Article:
Jonsson B. The economic impact of diabetes. Diabetes Care 1998; 21 Suppl. 3: C7–10Google Scholar
The Diabetes Control and Complications Trial Research Group. The effects of intensive treatment of diabetes on the development and progression of long-term complications in insulin-dependent diabetes mellitus. N Engl J Med 1993; 329: 977–86CrossRefGoogle Scholar
Ohkubo Y, Kishikawa H, Araki E, et al. Intensive insulin therapy prevents the progression of diabetic microvascular complications in Japanese patients with non-insulin dependent diabetes mellitus: a randomized prospective 6-year study. Diabetes Res Clin Pract 1995; 28: 103–17PubMedCrossRefGoogle Scholar
Howey DC, Bowsher RR, Brunelle R, et al. (Lys[B28], Pro[B29])- human insulin: a rapidly absorbed analogue of human insulin. Diabetes 1994; 43: 396–402PubMedCrossRefGoogle Scholar
Pfutzner A, Kustner E, Forst T, et al. Intensive insulin therapy with insulin Humalog in patients with type I diabetes reduces the frequency of hypoglycemic episodes. Exp Clin Endocrinol Diabetes 1996; 104: 25–30PubMedCrossRefGoogle Scholar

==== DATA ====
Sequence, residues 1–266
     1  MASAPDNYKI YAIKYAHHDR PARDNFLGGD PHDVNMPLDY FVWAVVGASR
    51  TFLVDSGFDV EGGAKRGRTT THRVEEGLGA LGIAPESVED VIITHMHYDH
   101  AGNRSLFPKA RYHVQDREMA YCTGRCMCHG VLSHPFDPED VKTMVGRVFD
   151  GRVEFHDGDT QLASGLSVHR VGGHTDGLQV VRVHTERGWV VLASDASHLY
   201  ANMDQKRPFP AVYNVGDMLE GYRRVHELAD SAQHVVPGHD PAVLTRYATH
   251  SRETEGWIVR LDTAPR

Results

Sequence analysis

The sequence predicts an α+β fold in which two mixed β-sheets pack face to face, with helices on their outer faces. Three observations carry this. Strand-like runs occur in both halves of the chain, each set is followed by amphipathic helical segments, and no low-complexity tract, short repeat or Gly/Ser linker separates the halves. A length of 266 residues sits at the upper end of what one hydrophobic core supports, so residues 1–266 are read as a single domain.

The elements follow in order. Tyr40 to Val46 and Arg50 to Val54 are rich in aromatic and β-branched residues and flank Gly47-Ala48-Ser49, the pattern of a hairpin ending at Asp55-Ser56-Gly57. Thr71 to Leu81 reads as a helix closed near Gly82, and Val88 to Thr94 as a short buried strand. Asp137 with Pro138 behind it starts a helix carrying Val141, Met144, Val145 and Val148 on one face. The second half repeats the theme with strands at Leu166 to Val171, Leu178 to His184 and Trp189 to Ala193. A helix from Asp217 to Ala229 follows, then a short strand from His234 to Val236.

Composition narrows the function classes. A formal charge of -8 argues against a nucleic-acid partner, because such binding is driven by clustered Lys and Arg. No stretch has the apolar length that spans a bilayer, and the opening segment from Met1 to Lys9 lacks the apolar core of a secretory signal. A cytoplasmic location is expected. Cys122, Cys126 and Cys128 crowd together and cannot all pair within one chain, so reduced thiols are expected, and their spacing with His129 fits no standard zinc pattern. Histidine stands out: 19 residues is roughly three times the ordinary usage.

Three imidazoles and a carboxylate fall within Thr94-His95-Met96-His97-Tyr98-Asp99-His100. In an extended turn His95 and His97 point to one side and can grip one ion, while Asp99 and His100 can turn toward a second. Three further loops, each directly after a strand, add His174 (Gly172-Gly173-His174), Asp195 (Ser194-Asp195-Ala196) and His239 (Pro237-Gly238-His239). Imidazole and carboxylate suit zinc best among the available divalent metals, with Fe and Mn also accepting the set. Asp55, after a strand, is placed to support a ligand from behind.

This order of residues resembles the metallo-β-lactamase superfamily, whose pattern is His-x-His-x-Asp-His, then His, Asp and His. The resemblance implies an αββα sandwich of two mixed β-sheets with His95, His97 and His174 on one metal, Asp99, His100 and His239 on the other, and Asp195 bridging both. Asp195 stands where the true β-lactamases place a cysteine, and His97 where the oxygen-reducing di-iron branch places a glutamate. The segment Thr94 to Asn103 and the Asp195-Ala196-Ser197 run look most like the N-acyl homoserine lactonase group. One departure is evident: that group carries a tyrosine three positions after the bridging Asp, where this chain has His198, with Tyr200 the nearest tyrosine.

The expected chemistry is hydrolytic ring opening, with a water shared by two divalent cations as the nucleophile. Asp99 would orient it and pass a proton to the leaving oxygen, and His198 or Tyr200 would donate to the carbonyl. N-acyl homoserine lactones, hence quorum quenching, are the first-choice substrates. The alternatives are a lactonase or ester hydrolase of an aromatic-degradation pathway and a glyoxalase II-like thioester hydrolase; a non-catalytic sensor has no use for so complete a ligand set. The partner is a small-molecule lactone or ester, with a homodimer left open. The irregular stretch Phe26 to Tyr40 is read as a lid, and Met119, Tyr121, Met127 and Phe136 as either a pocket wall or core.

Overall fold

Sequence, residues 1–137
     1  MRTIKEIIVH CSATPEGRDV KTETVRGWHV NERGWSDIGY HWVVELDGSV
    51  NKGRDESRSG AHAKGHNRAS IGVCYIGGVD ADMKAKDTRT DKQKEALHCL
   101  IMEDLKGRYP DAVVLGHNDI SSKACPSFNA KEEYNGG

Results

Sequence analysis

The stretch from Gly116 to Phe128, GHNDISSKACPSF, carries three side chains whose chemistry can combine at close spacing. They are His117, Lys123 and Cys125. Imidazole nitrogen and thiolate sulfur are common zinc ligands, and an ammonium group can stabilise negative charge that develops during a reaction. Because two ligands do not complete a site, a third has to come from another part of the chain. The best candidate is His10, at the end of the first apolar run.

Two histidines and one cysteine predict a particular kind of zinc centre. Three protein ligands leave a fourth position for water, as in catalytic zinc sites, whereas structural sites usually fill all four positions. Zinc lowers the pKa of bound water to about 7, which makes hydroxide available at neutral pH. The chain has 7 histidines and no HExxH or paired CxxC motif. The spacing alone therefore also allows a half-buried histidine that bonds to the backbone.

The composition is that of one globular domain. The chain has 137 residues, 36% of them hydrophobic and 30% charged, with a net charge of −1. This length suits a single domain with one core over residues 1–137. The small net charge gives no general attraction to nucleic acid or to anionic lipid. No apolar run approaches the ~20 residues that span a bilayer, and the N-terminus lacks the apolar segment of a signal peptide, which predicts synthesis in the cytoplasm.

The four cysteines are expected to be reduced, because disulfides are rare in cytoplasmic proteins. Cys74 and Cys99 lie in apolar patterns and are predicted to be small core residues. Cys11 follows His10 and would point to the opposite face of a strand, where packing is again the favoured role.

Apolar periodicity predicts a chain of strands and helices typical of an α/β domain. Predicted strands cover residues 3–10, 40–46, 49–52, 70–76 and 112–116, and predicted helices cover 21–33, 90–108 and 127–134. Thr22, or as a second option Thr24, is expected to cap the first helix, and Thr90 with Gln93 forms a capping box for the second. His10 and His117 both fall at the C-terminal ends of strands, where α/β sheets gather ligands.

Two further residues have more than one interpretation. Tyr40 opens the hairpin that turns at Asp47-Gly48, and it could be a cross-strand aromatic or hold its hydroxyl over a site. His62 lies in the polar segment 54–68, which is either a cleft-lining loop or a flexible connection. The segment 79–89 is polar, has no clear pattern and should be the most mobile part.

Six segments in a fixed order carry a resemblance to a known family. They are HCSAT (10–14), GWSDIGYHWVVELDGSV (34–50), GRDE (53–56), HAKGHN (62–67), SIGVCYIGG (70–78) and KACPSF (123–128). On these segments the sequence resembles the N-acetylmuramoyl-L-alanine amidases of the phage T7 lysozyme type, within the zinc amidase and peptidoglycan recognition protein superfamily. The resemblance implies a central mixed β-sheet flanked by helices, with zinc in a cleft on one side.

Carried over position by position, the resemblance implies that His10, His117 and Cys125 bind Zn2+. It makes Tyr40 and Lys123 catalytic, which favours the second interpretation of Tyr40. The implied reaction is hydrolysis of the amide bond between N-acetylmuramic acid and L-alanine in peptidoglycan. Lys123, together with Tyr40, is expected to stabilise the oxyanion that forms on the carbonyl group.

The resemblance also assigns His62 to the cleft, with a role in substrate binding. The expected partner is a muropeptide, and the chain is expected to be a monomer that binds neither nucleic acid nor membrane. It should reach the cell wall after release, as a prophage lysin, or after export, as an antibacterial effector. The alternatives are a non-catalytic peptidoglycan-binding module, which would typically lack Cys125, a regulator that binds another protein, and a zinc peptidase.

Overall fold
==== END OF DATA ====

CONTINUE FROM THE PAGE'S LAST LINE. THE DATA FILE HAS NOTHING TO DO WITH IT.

Anderson JH, Brunelle RL, Koivisto VA, et al. Reduction of postprandial hyperglycemia and frequency of hypoglycemia in IDDM patients on insulin-analog treatment. Diabetes 1997; 46: 265–70PubMedCrossRefGoogle Scholar
Davey P, Grainger DL, MacMillan J, et al. Clinical outcomes with insulin Humalog compared with regular insulin: a meta analysis. Clin Ther 1997; 19: 656–74PubMedCrossRefGoogle Scholar
Ebeling P, Jansson P, Smith U, et al. Strategies toward improved control during insulin lispro therapy in IDDM. Diabetes Care 1997; 20: 1287–9PubMedCrossRefGoogle Scholar
Jansson P, Ebeling P, Smith U, et al. Glycemic control in IDDM is improved by optimized combination of insulin lispro and basal insulin [abstract]. Diabetes 1997; 46 Suppl. 1: 162AGoogle Scholar
Koivisto VA, Tuominen JA, Ebeling P, et al. Humalog Mix 25 insulin as premeal therapy in type II diabetic patients. Diabetes Care 1999; 22: 459–62PubMedCrossRefGoogle Scholar
Malone JK, Woodworth JR, Arora V, et al. Improved postprandial glycemic control with Humalog Mix 75/25 after a standard test meal in patients with type 2 diabetes. Clin Ther 2000; 22: 222–30PubMedCrossRefGoogle Scholar